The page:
Edible gardeners would be lost in the fog without Golden Gate Gardening.
Like many of my fellow San Franciscans, I did not grow up with access to practical gardening knowledge or suitable space to grow my own food. When the opportunity did arrive in my mid-30s, I began a journey into urban homesteading, garden education, and now a career in botanical gardens. It started with a compost class at Garden for The Environment, our local education edible garden. It was there amongst the fog-covered veggie beds that I learned the bible of growing food in the San Francisco Bay Area was Golden Gate Gardening by Pam Peirce. Peirce’s book is, in my opinion, indisputably the authority on edibles for the home gardener in the San Francisco Bay Area.
I met Peirce at a local library talk in 2014 and asked when her next version would be released. She looked confused for a brief second and explained she had just finished this third edition in 2010. As I started to grow food in my foggy backyard, dreams of beefsteak tomatoes in a cherry tomato world helped me understand the time that went into trialing and researching this book. It is with great excitement that 13 years later, Peirce has released a new, increasingly relevant guide for growing edibles in the Bay Area.
This 30th Anniversary Edition expands its advice for gardeners inland, explores new edible cultivars suitable for our changing climate, and updates with new tools and techniques for sustainable gardening.
Golden Gate Gardening offers detailed explanations of our distinct mediterranean climate along the coast of California and accompanies practical advice on gardening for these regions. The Bay Area’s dry summers, typically frost-free winters, blanketed by our world-famous fog (affectionately called Karl) create opportunities for yearlong edible gardening. While the focus is on coastal regions of the San Francisco Bay Area, it can also apply as far north as Mendocino Coast and the Monterey Peninsula.
This book begins with a comprehensive introduction to basic garden principles. Peirce walks you through considerations for planning, crop management, and limitations based on your location in the Bay Area. She devotes chapters and updated references on how to source and grow local and organic plants and seeds, alongside managing common pests, diseases, and weeds. Peirce offers lovely anecdotes about growing food in our region and shares advice from local horticultural experts and home gardeners. Many local gardeners may tell you that her detailed planting calendars and charts are indispensable when planning your yearlong garden! Charts are broken into microclimates from foggier to sunnier, with an appendix that includes her updated inland planting calendars for regions such Santa Clara and Contra Costa counties. I have used her planting guides for edibles, flowers, and herbs for over 10 years and they have proven to be accurate and approachable for new and experienced gardeners alike.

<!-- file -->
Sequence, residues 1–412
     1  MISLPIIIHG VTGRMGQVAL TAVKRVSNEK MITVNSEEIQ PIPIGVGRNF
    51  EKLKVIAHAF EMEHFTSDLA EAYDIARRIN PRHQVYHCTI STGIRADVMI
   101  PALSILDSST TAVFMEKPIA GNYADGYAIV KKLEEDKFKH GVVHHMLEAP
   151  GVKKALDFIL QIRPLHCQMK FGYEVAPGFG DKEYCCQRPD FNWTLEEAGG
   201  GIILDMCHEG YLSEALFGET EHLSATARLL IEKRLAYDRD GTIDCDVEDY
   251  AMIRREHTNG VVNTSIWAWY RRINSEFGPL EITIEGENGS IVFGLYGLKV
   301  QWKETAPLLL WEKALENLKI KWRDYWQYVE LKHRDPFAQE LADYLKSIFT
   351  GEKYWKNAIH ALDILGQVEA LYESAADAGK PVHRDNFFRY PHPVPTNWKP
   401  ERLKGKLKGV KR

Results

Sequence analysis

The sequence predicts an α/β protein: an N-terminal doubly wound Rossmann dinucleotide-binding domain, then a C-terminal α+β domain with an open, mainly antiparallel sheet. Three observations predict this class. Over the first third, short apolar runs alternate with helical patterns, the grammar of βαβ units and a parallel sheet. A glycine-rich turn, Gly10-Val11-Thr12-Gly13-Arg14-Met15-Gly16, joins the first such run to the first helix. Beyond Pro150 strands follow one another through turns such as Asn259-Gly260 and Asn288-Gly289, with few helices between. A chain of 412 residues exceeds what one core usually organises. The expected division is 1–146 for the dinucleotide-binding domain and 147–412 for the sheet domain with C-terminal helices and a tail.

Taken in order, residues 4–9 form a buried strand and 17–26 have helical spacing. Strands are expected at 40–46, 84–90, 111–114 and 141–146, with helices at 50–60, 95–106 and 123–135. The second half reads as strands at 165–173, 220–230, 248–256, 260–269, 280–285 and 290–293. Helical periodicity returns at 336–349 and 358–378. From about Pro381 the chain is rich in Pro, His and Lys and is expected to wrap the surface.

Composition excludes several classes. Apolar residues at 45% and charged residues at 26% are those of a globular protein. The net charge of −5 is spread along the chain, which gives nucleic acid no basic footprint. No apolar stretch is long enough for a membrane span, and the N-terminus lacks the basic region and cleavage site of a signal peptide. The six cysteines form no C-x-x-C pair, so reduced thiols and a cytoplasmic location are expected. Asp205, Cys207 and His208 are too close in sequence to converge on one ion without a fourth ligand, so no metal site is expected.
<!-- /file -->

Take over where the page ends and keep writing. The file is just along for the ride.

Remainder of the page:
The heart of her book is found in its catalog of vegetables from A to Z which now include new varieties from her previous editions. I appreciate that Peirce describes many “unusual crops” that are, in reality, the heritage garden crops for the Black, Indigenous, and people of color communities which make up the Bay Area. In each new education, this book becomes more culturally relatable for the diverse garden community in the Bay Area. There is an updated section for herb growing, edible and ornamental flowers, and the backyard orchardist. All chapters include a review of new cultivars which show more pest and disease resistance for our region.
Peirce also expands our understanding about the influences of climate change, referred to as global warming in previous editions. While I would have preferred to see this critical information included in the main chapters of the book, Appendix I comprehensively covers frequently asked questions about our changing climate and weather patterns. All questions and answers use common language with clear scientific explanations. This edition has expanded information about air quality, which is relevant with the increasing frequency and impacts of California’s wildfires. Peirce explains how global patterns affect local growing and takes a proactive narrative with home gardeners, encouraging both personal and political agency in reducing carbon emissions.
Lastly make sure to read Peirce’s Philosophy for Gardeners in “About this New Edition.” Growing food has never been more urgent and necessary for humankind, but Peirce doesn’t use this space to address the agriculture industry or systemic food insecurity. Peirce instead writes about edible gardening as a means to engage in an anti-consumerist lifestyle, to maintain the connections and value of plants to the human diet, to share with community, and as a medium for continual awareness about the integral relationship we have with biodiversity and nature. My journey in edible gardening has been filled with joy, paired with lessons on patience and resilience. Ten-plus years later, I still refer to Golden Gate Gardening as my compass and inspiration for edible organic gardening, and I hope you will too.
Review by: Dr. Jamie Chan, Director of Programs and Partnerships at the Gardens of Golden Gate Park in San Francisco, California